2. The-Dream, Love vs. Money
Terius “The-Dream” Nash, along with producers Christopher “Tricky” Stewart and Carlos “Los da Mystro” McKinney have crafted remarkably symphonic r&b on this record; there is endless amount of noise to be fascinated by here, which makes it even more impressive that Terius’s personality shines through on his obsessive and often funny lyrics. He likes to talk about fucking. He likes to talk about love. He likes to talk about money. He worries that money is more important than love. But most of all, he wants to mess yo shit up. One of the (many) lines of the year that are contained here: “Girl, call Latisha, your beautician/Cuz your hair is gon need fixin’.”

3. Sunn O))), Monoliths & Dimensions
There is nothing quite like this record, a unique and terrifying experience. There can be terror in 17-minute drones, because, as with darkness, most of the terror comes with what you think is there. I would kill to see this band live, except I can barely deal with them on record.

4. Miranda Lambert, Revolution
I’ve said a few things here and there, but the more I listen the deeper this album becomes, and I daresay it’s her best. At least until the next one. And my hypothesis was proven right: It sounds perfect in a car.

5. Neko Case, Middle Cyclone
I say some things here.

6. Brad Paisley, American Saturday Night
His most complete album, and a portrait of a modern man—grateful for America’s mongrel consumerism (“American Saturday Night”); grateful for America’s past, present, and future (“Welcome To The Future”); grateful for his children (“Anything Like Me”); grateful for his wife (“Then,” “She’s Her Own Woman”); and hell, he even thinks wearing women’s underwear can be enlightening (“The Pants”).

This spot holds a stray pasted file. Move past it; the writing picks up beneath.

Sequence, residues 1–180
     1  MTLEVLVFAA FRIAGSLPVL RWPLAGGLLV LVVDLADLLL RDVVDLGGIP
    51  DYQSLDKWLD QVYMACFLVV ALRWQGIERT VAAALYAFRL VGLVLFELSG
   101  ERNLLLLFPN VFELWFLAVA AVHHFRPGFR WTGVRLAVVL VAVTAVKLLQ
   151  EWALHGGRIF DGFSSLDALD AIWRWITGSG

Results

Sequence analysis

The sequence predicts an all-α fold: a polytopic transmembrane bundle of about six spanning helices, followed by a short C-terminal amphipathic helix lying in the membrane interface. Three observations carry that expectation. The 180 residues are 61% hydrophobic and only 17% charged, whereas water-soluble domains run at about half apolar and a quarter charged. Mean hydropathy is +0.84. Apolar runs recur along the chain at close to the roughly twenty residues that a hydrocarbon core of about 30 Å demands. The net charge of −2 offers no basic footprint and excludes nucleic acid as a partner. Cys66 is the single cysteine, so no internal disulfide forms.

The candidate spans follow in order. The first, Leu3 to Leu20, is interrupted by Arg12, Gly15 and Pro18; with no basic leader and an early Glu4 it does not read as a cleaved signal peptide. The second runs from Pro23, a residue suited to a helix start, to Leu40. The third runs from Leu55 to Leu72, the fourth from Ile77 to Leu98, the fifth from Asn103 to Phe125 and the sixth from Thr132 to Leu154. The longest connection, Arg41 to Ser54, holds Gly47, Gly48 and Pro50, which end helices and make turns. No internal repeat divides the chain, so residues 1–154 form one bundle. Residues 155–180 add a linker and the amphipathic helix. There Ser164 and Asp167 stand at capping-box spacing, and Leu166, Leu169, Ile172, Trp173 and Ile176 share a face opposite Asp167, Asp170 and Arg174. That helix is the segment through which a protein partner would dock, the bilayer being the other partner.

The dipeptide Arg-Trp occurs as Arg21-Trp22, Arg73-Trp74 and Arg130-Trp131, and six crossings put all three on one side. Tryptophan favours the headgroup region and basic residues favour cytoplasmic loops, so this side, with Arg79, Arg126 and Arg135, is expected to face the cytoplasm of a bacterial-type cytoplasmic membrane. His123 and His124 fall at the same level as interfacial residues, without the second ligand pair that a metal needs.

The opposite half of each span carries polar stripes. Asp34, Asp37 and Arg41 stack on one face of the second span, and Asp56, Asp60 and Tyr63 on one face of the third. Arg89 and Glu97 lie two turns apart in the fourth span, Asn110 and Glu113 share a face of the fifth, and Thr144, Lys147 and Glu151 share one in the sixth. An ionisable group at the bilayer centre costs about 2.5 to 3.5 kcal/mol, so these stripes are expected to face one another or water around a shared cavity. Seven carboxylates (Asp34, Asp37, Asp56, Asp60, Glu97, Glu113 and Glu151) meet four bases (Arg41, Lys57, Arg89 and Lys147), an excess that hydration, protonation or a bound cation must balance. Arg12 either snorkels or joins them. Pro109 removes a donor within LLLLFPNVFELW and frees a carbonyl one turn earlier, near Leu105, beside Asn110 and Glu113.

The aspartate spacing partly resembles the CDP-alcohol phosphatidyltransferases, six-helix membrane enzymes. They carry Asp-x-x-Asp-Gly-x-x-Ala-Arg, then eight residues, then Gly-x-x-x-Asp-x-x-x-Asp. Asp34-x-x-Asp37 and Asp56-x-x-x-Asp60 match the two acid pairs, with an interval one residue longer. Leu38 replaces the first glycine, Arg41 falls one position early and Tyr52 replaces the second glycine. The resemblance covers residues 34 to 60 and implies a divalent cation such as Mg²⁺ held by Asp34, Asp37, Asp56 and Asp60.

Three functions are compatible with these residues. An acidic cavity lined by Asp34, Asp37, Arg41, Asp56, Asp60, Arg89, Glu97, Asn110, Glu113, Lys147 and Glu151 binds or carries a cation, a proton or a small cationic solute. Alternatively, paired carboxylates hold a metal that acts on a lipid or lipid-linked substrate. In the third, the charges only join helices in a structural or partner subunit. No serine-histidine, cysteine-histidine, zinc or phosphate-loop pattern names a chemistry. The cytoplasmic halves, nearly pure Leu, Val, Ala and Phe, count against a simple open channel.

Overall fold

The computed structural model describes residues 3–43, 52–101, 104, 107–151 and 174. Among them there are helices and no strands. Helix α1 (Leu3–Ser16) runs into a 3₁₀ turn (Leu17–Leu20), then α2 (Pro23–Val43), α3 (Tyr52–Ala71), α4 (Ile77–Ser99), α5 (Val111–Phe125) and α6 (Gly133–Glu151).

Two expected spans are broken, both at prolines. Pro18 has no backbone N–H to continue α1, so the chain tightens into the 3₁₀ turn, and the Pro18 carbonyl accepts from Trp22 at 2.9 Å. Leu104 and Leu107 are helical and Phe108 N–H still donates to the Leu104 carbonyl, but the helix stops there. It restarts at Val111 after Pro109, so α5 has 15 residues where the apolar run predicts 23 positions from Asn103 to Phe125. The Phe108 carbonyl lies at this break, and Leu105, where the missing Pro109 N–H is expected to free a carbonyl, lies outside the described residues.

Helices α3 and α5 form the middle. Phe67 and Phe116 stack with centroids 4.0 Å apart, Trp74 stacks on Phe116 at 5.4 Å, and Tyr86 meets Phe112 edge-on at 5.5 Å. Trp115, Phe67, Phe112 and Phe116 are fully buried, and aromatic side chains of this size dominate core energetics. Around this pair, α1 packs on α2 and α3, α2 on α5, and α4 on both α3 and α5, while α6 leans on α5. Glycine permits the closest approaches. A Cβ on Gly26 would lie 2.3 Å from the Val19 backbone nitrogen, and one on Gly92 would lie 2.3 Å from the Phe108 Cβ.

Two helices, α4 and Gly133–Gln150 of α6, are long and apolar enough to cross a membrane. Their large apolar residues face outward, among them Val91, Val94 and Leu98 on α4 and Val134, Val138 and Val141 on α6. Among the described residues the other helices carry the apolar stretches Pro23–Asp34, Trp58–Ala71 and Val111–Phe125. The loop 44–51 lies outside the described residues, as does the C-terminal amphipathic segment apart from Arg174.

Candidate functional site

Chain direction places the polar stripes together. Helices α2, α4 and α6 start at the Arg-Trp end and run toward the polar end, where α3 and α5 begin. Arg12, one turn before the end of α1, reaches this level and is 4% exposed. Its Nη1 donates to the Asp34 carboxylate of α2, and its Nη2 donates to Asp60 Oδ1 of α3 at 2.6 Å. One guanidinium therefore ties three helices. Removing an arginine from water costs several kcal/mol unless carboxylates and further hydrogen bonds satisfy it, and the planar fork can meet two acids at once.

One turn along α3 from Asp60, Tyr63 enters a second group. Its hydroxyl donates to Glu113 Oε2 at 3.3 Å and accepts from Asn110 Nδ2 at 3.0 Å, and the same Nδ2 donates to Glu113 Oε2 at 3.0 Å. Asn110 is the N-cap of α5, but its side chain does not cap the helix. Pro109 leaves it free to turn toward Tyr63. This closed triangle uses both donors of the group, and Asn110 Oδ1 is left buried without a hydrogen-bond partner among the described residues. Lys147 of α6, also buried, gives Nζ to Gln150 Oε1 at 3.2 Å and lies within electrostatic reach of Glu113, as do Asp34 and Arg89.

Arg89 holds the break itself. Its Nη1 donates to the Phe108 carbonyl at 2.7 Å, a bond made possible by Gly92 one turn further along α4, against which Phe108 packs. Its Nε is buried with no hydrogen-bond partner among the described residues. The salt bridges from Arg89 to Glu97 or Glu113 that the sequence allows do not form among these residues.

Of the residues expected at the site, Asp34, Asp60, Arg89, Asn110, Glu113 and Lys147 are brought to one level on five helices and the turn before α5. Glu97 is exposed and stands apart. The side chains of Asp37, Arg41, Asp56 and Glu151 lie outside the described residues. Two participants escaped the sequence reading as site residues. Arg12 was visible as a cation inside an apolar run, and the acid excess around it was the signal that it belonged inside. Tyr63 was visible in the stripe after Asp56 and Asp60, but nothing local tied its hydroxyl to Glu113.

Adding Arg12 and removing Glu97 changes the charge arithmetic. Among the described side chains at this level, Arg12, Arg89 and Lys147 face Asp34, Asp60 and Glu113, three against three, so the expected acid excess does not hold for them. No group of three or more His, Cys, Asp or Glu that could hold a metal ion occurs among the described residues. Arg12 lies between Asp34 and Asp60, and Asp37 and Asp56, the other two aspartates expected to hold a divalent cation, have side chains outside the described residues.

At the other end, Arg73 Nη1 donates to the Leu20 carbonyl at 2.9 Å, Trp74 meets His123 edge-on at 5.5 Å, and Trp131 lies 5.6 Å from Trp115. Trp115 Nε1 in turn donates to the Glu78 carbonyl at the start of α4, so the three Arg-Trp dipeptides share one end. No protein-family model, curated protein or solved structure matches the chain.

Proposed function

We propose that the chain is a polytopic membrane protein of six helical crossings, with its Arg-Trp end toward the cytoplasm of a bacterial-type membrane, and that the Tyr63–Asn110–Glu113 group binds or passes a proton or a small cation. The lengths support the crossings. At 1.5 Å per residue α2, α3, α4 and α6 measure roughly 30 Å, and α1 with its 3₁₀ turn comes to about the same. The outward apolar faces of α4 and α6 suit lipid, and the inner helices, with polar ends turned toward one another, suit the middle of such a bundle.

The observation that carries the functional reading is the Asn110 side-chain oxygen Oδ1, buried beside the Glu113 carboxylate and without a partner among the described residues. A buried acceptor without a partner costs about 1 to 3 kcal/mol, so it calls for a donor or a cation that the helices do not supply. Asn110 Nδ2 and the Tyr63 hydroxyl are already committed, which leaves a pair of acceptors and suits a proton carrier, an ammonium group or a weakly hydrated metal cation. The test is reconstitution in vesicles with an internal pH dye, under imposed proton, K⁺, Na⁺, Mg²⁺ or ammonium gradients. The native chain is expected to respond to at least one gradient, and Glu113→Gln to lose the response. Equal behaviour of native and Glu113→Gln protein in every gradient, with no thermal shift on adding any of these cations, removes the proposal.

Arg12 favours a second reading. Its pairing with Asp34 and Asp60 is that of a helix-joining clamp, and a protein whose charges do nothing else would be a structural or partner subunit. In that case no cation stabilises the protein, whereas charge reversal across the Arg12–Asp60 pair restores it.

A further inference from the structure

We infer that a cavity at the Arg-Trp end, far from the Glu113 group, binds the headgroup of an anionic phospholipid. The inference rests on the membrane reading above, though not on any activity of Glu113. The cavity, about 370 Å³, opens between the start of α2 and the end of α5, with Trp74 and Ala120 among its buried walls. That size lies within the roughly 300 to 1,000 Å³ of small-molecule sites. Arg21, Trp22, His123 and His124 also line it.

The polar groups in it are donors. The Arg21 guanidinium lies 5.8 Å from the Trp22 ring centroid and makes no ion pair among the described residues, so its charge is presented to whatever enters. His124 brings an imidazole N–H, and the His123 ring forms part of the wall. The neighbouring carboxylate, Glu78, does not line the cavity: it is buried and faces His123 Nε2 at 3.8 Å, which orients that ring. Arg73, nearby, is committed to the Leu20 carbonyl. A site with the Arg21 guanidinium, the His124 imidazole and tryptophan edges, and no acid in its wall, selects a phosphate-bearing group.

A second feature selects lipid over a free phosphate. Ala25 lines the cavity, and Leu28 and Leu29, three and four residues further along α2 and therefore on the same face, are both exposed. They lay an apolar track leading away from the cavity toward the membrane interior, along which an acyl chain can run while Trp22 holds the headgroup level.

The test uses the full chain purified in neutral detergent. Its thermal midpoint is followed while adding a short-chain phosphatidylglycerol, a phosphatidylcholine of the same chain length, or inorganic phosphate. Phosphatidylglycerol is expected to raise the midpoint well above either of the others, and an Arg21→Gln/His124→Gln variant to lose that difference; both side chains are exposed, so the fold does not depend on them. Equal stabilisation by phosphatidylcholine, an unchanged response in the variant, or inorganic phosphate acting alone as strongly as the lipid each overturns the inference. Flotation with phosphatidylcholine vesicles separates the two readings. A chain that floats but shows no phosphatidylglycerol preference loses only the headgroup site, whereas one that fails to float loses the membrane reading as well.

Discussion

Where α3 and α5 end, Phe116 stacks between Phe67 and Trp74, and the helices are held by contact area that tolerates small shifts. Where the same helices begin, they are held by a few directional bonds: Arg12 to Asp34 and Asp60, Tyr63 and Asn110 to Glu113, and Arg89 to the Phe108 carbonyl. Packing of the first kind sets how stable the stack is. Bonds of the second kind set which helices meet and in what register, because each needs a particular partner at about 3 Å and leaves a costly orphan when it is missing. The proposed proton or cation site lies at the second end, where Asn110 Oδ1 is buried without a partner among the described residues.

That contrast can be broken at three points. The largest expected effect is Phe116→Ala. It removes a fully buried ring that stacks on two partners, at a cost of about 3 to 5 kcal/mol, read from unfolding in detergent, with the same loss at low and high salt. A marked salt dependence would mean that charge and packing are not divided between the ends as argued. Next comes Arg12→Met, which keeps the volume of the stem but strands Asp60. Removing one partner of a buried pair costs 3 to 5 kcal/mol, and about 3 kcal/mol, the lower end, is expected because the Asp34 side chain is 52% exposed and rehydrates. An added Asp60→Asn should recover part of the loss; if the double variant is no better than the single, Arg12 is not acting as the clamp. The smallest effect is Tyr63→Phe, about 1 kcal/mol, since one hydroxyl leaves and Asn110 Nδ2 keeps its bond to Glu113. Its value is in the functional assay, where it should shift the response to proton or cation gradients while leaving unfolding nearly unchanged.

7. Yeah Yeah Yeahs, It’s Blitz!
Is it possible that the Yeah Yeah Yeahs are underrated? After the yowly stomp of Fever To Tell and the misstep that was Show Your Bones, YYYs return with their best album to date, marrying the sounds of dance music to the propulsion of their punk-derived guitar music, creating a beautifully messy swirl in the process. It’s Blitz! starts off with their two best bangers (“Zero” and “Heads Will Roll”), setting you up for ass-shaking, only to build downwards to the fragile beauty of closers “Hysteric”—a song so good it could’ve been on Fleetwood Mac’s Mirage—and “Little Shadow.”

8. The xx, xx
I say some things about it here.

9. Electrik Red, How To Be A Lady, Vol 1
Terius Nash and Christopher Stewart construct a girl group; how could anything possibly go wrong? They write the music, the melodies, and put words in the girls’s mouths, and yet somehow the forcefulness of Electrik Red’s personae obliterate any kind of Svengali charge. Alternately vulgar (“W.F.Y.” or “We Fuck You”), sweet-sounding (“Friend Lover”), subservient (“Bed Rest”) and demanding (“On Point”) but always hilarious. Also responsible for one of the lines of the year: “I thought I wouldn’t really give a fuck/But now a bitch all in love.”

10. Shakira, She Wolf/Robin Thicke, Sex Therapy: The Experience
The awesome:hilarious ratio on both records were unparalleled this year, whether it was Shakira hoping your trip to France includes fleas and bad plumbing, or Thicke’s cheeseball lounge traxxx and the Snoop song where he sounds like Billy Crystal impersonating Sammy Davis, Jr. Shakira wins for condensing the hilarity into 12 songs (3 or which are Spanish renditions of some of the album’s tracks), Thicke wins for durability, we all win as listeners.


1. Taylor Swift, “You Belong With Me”/“Fifteen”
I don’t think I need to say anything more about these two songs than I already have.

2. Brad Paisley, “Welcome To The Future”